“[For] a lot of drivers, they have too many jobs,” said Richards, 58. “Brandon’s job is to drive. When he came here this last time, I said, ‘All I need you to do is drive. I don’t need you to do thinking on the setup. You can help these guys when we need you in a fire drill, but you don’t have to be there every day working on the car. I want you to concentrate on driving. I want you to watch videos. When we’re going somewhere, I want you to know how to race that place — I don’t want to tell you. I want you to figure it out by doing your homework.’”

With a crew that does their job well, it has also allowed Richards to do what he does best.

“For myself, [I am] able to concentrate on the setup and not have to worry about if the headers are tight, the timing is set, the carburetor needs the jets changed, or what gear do we need,” Richards said. “Before, it had me running ragged. I couldn’t take the time I needed to take to critique the setup part of it.”

(Photo by Jim DenHamer)

The team remains unchanged for the past three years — a rarity nowadays, where crew members sometimes don’t make it through an entire season with one organization.

“When [the team gets] to gelling that much, you just keep on building on what you’re doing,” said the 2015 World of Outlaws champion Shane Clanton, 44, of Zebulon, Georgia. “It makes it a lot easier to come out and do what you’re supposed to do.”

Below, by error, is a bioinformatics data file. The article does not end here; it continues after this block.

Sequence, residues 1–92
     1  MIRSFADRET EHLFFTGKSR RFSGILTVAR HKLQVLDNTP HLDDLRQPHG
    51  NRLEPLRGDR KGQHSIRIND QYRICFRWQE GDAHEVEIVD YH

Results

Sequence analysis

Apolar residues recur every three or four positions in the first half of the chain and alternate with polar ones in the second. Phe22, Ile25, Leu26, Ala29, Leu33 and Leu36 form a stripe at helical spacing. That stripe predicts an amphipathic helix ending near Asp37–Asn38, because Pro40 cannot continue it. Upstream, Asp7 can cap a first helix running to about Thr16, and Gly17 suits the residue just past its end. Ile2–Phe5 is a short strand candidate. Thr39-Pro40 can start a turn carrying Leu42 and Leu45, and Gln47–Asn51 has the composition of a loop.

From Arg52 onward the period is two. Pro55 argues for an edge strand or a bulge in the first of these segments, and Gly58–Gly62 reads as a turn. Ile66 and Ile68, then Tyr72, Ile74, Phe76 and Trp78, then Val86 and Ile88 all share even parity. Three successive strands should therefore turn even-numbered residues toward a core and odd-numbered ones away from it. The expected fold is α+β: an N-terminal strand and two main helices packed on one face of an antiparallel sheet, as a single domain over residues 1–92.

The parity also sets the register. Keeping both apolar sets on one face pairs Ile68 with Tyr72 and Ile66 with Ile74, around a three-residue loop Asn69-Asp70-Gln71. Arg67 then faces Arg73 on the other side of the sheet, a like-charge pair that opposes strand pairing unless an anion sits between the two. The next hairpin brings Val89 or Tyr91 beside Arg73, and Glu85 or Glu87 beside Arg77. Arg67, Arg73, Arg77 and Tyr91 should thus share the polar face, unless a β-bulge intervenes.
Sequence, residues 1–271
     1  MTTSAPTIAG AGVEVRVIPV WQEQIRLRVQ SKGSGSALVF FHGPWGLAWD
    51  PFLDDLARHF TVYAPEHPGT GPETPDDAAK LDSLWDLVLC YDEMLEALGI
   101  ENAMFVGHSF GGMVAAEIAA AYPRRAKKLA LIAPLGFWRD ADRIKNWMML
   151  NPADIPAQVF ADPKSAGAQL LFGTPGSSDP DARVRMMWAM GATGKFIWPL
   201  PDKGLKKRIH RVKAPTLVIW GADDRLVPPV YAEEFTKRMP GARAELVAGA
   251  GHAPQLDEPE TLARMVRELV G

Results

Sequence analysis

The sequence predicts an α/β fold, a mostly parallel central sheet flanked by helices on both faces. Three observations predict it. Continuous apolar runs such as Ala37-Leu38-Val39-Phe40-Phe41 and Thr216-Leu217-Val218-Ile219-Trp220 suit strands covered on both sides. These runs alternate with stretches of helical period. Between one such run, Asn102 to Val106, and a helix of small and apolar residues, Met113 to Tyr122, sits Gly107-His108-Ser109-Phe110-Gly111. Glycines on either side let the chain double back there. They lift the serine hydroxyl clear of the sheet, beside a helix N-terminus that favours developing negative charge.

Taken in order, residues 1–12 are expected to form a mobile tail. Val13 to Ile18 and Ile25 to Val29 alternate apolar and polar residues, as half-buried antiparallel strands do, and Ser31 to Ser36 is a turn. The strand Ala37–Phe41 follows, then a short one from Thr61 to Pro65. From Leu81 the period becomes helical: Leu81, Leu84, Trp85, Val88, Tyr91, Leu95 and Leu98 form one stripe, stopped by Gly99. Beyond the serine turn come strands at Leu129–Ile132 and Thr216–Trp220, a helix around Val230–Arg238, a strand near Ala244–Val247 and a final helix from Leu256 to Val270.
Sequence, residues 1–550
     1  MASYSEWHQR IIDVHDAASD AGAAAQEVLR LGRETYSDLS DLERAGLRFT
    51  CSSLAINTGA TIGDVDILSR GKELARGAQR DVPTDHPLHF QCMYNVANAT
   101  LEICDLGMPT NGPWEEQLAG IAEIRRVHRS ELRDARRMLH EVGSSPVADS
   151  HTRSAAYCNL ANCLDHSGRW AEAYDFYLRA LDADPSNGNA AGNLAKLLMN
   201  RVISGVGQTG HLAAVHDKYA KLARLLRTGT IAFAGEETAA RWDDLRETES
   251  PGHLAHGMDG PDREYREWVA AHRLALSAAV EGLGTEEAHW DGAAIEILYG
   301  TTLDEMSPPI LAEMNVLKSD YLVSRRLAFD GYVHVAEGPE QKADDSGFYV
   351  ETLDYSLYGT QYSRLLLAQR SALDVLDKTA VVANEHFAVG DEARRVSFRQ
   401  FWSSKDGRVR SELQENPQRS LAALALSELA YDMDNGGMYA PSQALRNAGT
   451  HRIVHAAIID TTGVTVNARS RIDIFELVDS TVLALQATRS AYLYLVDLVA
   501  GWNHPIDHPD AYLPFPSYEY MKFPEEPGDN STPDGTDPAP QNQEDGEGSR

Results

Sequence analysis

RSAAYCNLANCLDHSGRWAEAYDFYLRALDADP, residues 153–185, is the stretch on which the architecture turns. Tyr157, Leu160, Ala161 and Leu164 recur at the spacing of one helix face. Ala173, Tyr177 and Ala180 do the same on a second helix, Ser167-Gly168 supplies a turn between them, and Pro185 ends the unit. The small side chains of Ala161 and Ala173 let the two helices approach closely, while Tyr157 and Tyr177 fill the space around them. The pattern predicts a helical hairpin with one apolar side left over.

One relationship, in particular, plays a vital role in the team’s winning ways — the one between the driver and the setup specialist, Sheppard and Richards, respectively. They work exceptionally well together.

“[Richards is] probably one of the best guys in the country at watching race cars and seeing what they’re doing,” said driver Chase Junghans, 26, of Manhattan, Kansas. “Brandon is good at telling him what the car feels like. [Together] they make the right adjustments 90-percent of the time.”

Blunt Honesty

Some describe Richards as intense and incredibly direct. That’s just what Sheppard wants — blunt honesty.

“My grandpa and dad were always the first ones to tell me when I was messing up,” Sheppard said, referencing when he raced for his family-owned team. “That’s the only way you’re going to learn. If you mess up, night in, night out, and nobody ever tells you about it, you’re never going to learn to do anything different. As a driver, Mark fits me good because [he does] the same thing as my dad and grandpa did.”

That feedback propelled Sheppard from a driver known for primarily riding the cushion, to one who can run fast anywhere on any track.

(Photo by Jim DenHamer)

“You can’t be a type of guy who runs one line all the time and never changes anything,” Sheppard said. “Different tracks have different dirt, shapes, sizes, and banking. You can go to the same track and not use the same setup or the same lines. You need to be open-minded to keep up with the racetrack and how it’s changing.”

With a well-prepared car, a sharp setup man, a diligent and knowledgeable crew, and an adaptable driver, Rocket1 Racing rolls off the trailer a threat to win at every race it enters.

Another win for Sheppard at the DIRTcar Nationals. (Photo by Jim DenHamer)

“It doesn’t matter if there’s a cushion, [Sheppard’s] fast,” said Weiss. “If it’s dead-slick, he’s fast. If it’s rough, he’s fast. If it’s dirty, he’s fast. It doesn’t matter if he starts 15th, he’ll be [up front] at the end of the night. They’ve conquered every situation at the racetrack. It’s amazing.”